HARTFORD, Conn — State lawmakers headed back to the Capitol Tuesday for the first time in months for a special session.
Governor Ned Lamont held a news conference at 2:30 p.m. in Windsor to promote the use of absentee ballots during the August primary, and to encourage the state legislature to pass a law giving voters the ability to use absentee ballots as a means of social distancing during the COVID-19 pandemic for the November general election. One of the key issues during the special session addresses absentee ballots in November. Gov. Lamont will be joined by Lt. Governor Susan Bysiewicz and other state and local officials.
Lamont signed a proclamation Friday, July 17, calling the Connecticut General Assembly to meet in a special session.
There are four issues they will take up this session:
- The first bill is regarding the use of absentee ballots come November for the election.
- The second is the police accountability bill that the judiciary committee has been working on over the past month. That bill would have significant changes in the way policing is done in Connecticut.
- The third bill is regarding telehealth. Governor Lamont is looking to require insurance companies to continue covering costs for virtual health visits.
- Lastly, the fourth bill that would cap the cost of insulin in Connecticut.
Gov. Lamont signaled in an afternoon press conference that he Lamont would be support dropping the provision on qualified immunity for officers is dropped for in the current bill and revisited at a later date.
A lawsuit challenging absentee ballots for the upcoming election was dismissed Monday. Attorney General William Tong personally testified in front of the state's supreme court for the dismissal of the suit.
The attorney general argued the plaintiffs were using the court to disrupt the upcoming elections and to confuse voters about absentee voting. Recently, absentee voting has fallen into political contention due to social distancing guidelines due to COVID-19.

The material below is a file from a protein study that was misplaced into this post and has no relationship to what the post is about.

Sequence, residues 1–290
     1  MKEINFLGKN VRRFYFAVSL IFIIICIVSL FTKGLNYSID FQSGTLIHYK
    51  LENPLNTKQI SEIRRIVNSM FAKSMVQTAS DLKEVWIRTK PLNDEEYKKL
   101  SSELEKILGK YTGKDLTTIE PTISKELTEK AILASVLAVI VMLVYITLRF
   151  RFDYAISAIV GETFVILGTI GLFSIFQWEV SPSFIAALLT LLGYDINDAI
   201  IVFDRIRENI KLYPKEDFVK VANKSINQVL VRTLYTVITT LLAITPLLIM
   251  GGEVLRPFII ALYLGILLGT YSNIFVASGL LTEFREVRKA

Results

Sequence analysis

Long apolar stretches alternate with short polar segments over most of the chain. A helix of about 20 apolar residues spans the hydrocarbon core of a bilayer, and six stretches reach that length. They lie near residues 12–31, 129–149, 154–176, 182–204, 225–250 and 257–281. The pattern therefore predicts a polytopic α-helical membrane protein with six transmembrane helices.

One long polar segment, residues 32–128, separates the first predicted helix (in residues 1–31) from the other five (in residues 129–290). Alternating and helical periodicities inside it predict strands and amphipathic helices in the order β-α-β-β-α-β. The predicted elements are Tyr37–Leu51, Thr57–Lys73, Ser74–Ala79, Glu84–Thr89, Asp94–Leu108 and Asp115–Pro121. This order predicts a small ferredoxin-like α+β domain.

“No one should have to risk their lives to vote. This case was part of a nationwide right-wing voter suppression campaign challenging the ability of Americans to safely exercise their right to vote during this unprecedented public health crisis. The plaintiffs sued the wrong individual under the wrong statute in the wrong court and we are grateful for the Supreme Court’s adherence to the rule of law,” said Attorney General William Tong. “This office will protect and defend the rights of voters against any and all partisan attacks seeking to stoke chaos, confusion, and fear and disenfranchise hundreds of thousands of Connecticut voters.”
Cheri Quickmire, Executive Director of Common Cause in Connecticut, "The facts remain: 34 states do not require any “excuse” to vote by mail, even in ordinary times. Of the states that do require excuses, at least 11 of them have already either suspended the requirement or interpreted a sickness or disability excuse to include avoiding coronavirus exposure."
In a news conference last week, Governor Lamont’s Chief of Staff addressed how they’ll be following current social distancing guidelines inside the capital.
“The legislative leaders are working collaboratively to figure out how each chamber will be making their determinations, understanding not only our guidelines of social distancing but also our building guidelines," said Paul Mounds.
Of those four bills, the most debated is police accountability. There has been a lot of back-and-forth about qualified immunity.
Currently, as the bill is written, it would remove qualified immunity for officers here in Connecticut and require them to carry their own personal liability insurance.